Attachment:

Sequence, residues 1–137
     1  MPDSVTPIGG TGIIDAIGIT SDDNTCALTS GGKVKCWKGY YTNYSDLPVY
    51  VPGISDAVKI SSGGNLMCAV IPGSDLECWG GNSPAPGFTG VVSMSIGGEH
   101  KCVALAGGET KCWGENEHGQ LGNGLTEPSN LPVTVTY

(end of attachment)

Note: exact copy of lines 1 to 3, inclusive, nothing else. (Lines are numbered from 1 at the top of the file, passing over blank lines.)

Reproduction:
Sequence, residues 1–137
     1  MPDSVTPIGG TGIIDAIGIT SDDNTCALTS GGKVKCWKGY YTNYSDLPVY
    51  VPGISDAVKI SSGGNLMCAV IPGSDLECWG GNSPAPGFTG VVSMSIGGEH